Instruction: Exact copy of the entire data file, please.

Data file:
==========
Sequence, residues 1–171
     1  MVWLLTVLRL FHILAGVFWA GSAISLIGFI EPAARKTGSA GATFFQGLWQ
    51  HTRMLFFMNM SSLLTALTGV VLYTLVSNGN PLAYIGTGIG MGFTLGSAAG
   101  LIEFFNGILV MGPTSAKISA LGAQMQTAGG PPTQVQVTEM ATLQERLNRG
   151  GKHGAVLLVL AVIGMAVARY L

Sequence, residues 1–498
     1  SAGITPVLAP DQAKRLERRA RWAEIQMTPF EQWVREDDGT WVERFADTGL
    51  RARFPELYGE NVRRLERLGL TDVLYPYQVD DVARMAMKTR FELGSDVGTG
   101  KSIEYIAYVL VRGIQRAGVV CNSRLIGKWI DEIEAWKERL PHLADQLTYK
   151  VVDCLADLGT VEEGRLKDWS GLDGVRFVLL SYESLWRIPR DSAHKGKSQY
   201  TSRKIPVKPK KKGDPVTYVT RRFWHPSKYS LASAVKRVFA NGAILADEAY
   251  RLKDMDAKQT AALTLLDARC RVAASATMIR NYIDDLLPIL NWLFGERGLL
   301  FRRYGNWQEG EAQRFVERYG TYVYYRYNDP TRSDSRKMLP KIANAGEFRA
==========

Sequence, residues 1–171
     1  MVWLLTVLRL FHILAGVFWA GSAISLIGFI EPAARKTGSA GATFFQGLWQ
    51  HTRMLFFMNM SSLLTALTGV VLYTLVSNGN PLAYIGTGIG MGFTLGSAAG
   101  LIEFFNGILV MGPTSAKISA LGAQMQTAGG PPTQVQVTEM ATLQERLNRG
   151  GKHGAVLLVL AVIGMAVARY L

Sequence, residues 1–498
     1  SAGITPVLAP DQAKRLERRA RWAEIQMTPF EQWVREDDGT WVERFADTGL
    51  RARFPELYGE NVRRLERLGL TDVLYPYQVD DVARMAMKTR FELGSDVGTG
   101  KSIEYIAYVL VRGIQRAGVV CNSRLIGKWI DEIEAWKERL PHLADQLTYK
   151  VVDCLADLGT VEEGRLKDWS GLDGVRFVLL SYESLWRIPR DSAHKGKSQY
   201  TSRKIPVKPK KKGDPVTYVT RRFWHPSKYS LASAVKRVFA NGAILADEAY
   251  RLKDMDAKQT AALTLLDARC RVAASATMIR NYIDDLLPIL NWLFGERGLL
   301  FRRYGNWQEG EAQRFVERYG TYVYYRYNDP TRSDSRKMLP KIANAGEFRA